Farm Ireland

Monday 24 October 2016

Carbery's ethanol plant to reopen in November

Published 27/09/2016 | 02:30

The fire at the roof of the plant
The fire at the roof of the plant

Carbery's large ethanol distillation plant at Ballineen in west Cork is expected to be up and running again within six to eight weeks, according to management.

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The 90ft tall facility threatened to become a fireball three weeks ago when a blaze erupted on the roof. However, the fire was contained within an hour, preventing the accident turning into a major incident.

As investigations into what caused the fire continue, attentions are focusing on the possibility of alcohol having leaked on to light-fittings installed on the building's top level.

Management dismissed the possibility of the damage spurring a major revamp on either the facility or system of production at the plant.

"We don't expect it to cost more than €1-2m to fix up, and there's too much investment tied up in that unit to be thinking of walking away from it," said Carbery's commercial manager JJ Walsh.

Despite the unit requiring minimal investment and upgrading over the years, Mr Walsh said that the non-return valves, where excess alcohol is burnt off, had performed "remarkably well" and possibly saved the entire plant.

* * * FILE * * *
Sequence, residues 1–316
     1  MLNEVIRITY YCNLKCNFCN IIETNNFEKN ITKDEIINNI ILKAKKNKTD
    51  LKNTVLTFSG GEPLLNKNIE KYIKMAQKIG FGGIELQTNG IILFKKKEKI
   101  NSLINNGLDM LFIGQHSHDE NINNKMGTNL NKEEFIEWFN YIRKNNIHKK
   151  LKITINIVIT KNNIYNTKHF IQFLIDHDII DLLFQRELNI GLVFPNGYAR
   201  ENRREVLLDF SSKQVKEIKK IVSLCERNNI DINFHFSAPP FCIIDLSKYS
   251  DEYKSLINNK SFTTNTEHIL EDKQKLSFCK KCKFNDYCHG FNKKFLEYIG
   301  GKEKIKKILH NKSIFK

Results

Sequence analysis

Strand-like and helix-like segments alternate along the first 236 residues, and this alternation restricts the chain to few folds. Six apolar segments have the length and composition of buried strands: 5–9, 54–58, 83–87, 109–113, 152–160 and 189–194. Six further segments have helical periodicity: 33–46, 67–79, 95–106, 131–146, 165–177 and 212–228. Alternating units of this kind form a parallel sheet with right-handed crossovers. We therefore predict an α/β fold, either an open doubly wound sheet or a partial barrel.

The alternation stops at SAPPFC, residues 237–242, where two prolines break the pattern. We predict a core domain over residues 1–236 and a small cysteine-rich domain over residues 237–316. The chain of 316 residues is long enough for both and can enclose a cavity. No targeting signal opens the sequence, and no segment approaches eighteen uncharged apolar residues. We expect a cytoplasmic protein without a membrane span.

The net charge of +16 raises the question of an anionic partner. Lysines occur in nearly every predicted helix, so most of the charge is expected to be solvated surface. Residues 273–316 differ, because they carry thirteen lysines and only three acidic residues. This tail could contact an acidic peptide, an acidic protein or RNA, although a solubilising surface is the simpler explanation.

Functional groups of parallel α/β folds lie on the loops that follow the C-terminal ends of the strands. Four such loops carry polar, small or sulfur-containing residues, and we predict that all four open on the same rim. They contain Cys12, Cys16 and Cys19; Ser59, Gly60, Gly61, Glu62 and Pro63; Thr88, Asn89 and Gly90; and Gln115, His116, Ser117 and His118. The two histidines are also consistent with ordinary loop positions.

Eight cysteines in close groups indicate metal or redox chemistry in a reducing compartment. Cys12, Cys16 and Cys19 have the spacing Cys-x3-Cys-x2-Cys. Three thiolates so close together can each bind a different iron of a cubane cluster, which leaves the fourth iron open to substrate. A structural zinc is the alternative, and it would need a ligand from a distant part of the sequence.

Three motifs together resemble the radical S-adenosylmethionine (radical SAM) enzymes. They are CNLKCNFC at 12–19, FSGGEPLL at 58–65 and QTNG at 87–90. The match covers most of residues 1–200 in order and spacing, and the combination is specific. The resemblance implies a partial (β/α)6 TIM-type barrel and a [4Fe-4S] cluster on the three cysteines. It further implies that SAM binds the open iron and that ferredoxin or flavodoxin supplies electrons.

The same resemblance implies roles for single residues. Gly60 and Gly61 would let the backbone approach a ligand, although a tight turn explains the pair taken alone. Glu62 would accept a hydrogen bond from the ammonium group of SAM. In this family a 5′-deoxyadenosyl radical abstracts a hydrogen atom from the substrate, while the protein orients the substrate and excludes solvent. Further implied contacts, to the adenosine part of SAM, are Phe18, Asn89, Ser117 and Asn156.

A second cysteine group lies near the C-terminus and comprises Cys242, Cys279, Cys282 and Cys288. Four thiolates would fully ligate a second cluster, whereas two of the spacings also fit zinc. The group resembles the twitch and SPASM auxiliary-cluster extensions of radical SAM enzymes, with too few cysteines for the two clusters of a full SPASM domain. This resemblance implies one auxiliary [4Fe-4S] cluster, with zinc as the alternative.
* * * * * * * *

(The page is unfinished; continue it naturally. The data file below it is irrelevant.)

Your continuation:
Mr Walsh added that they had been fortunate in the timing of the incident, when the plant was processing a fraction of what it handles during the peak milk production months of May and June.

"If it had happened at peak, no other processor would have been able to accommodate us, so we were lucky," he said.

The plant is one of Ireland's largest cheese factories, producing one third of the country's cheddar, including the Dubliner brand.

It processes all of the milk from the four west Cork co-ops, Bandon, Drinagh, Lisavaird and Barryroe.

Milk price

While Mr Walsh was careful not to be drawn on milk price, he said that he was confident that there would be no decreases again this year.

"Really, farmers down here will need every bit of help that they can get with the way the weather has gone against them in the last few weeks, but it will be up to the board to decide if they can afford to pay more than the current 27c/l," he said.

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